Mia Pratt has lived the unorthodox life of a professional dancer, writer and artist, navigating the fringe of society amongst a talented underground of artists, musicians, dancers, scholars and spiritual seekers from around the world. These influences often reveal themselves in the subjects of her artwork.
Mia Pratt was born in South Carolina in 1955, and the family relocated to northern California in 1959. She spent her teens living in the redwoods of Forestville, the banks of the Russian River just yards from her family home. Wandering its lush forest trails allowed her to expand the world of her imagination, pencil and notebook in hand, with drawings, poems and stories. The forest became her first studio, and the startling beauty she discovered there became her inspiration.
Mia came of age on the cusp of the artistic and cultural revolution in the 1970's, and was greatly influenced by the community of creatives who congregated in her Russian River home town from nearby San Francisco.
At eighteen Mia created oil paintings as her first delve into professional artwork, and held her first art show at a local gallery. She pursued Middle Eastern dance, performed poetry readings, devoured books about philosophy and religion, and studied with spiritual masters.
Mia's first real art studio was a converted school bus parked in an apple grove, where she painted iconic-style oil paintings on wooden panels, which she sold on the streets of San Francisco. She also studied Middle Eastern dance with San Francisco's Jamila Salimpour, the original west-coast diva of tribal bellydance and owner of the infamous Baghdad nightclub.
Dance and art became Mia's passion.
At nineteen, Mia joined the Rainbow Trance traveling bellydance troupe and toured the coast of northern California performing at festivals and other venues, selling small landscape paintings in between gigs.
After her daughter was born in 1977, Mia realized she was able to support herself and their family with dance and art. Living the working artist's life became Mia's career goal.
In 1981 Mia was hired by the Marrakech Restaurant & Jazz Nightclub in Honolulu, Hawaii as their featured solo dancer. After relocating there with her daughter, she spent four years performing two dinner shows a night, five nights a week, with the Egyptian house band. After 10:00 the club's late-night jazz scene heated up, featuring friend and legendary jazz singer Azure McCall and visiting jazz greats from around the world.
During the day Mia spent time with her young daughter and painted tropical garden scenes, selling her artwork in local shops. She also wrote her first book, a short work of comedic fiction.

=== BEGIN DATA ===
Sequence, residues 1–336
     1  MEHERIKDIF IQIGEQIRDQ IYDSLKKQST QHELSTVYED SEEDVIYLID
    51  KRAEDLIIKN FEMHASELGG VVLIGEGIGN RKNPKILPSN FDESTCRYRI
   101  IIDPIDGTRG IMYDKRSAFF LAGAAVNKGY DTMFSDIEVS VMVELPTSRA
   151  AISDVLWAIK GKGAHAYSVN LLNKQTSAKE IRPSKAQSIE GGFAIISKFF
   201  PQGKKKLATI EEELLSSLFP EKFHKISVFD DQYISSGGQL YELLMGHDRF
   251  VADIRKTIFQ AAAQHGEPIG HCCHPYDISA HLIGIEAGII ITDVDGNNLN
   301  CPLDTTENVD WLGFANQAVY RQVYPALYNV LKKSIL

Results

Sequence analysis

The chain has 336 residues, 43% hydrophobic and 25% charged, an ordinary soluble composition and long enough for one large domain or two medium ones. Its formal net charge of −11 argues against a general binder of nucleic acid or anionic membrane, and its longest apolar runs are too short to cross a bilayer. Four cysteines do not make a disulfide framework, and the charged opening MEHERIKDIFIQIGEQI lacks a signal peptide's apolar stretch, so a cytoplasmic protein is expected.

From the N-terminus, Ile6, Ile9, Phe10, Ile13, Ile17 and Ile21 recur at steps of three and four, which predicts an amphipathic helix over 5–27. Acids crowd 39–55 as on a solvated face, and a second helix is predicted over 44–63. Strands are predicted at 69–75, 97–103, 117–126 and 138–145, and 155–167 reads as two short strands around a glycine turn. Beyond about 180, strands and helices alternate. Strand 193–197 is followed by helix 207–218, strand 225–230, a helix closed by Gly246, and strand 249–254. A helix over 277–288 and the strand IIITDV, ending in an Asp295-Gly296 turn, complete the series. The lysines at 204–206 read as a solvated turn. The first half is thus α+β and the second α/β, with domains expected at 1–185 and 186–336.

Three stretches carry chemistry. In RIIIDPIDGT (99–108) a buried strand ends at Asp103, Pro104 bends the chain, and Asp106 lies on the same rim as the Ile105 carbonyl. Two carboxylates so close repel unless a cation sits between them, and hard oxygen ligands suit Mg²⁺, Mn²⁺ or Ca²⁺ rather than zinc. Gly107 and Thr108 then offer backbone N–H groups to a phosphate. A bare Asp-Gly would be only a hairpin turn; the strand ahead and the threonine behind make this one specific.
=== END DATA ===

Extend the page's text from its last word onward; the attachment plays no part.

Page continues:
In 1986 Mia left Honolulu to accept a position at Pasha's Dinner Club in San Francisco, where she performed nightly with the club's middle eastern band along with male bellydancer Horacio Cifuentes of the San Francisco Ballet. She continued painting during the day and selling her artwork in local venues, with a focus on seascapes.
When her daughter entered high school, Mia secured a copywriting job in Phoenix, Arizona, to provide a more stable family schedule. She continued her artwork while writing her second book, a fiction thriller.
After her daughter graduated high school, Mia felt free to return to the freelance life once again. She founded Old Pratt Studios, a philanthropic artists guild that served the Phoenix-Scottsdale design trades with commissioned artwork, murals, and exotic wall finishes. She also served as an artist-in-residence in a downtown Phoenix gallery, and wrote her third book, The Secrets of the 100 Golden Keys: Unlock the Power of Your Creativity and Set Your Life on Fire!
Over the years, being fully immersed in a world of music, dance, art, writing, and philosophy facilitated a gradual shift in consciousness that transcended Mia's desire to limit herself to any one area of the arts.
She grew to view herself and all people as "creative beings," adopting the idea that any form of human artistic expression is an expression of love . Whether having it, losing it, fearing it, wanting it, rebelling against the lack of it, aimed at the self or at others - no matter the form, the essence of artistic expression has its roots in love.
She also feels that every person is equipped with an innate ability to see and express the truth, beauty and love that exists in life, if given equal opportunity.
Humbled by the recognition of how privileged she was to have been given that opportunity, in 2009 Mia knew she had reached a time of completion for things of the past. She downsized to a minimalist lifestyle to prepare for an unknown new beginning, without yet knowing what form it might take or how things may unfold in the future.
Her preparation paid off later that same year, when Mia was invited to join friends living in a remote Nahua Indian fishing village in Mexico. She handed the Old Pratt Studios guild over to a senior artist, packed two suitcases, and made the arduous trek from Arizona to Maruata on the wild coast of Michoacán.
Living in a primitive palapa hut on a secluded beach amongst the Nahua Indians, Mia rediscovered the creative passion she'd experienced in the redwood forests of her youth. Inspired by the kind people, exotic beauty and simplicity of village life, she decided to remain in Mexico indefinitely and pursue her creative interests full time.
In 2010, a fateful chance encounter with two travelers led her to discover the quaint village of Ajijic on the banks of Lake Chapala. Mia still works and resides in her small studio gallery in Ajijic, sharing time with the fella, the garden, and Blanco the dog.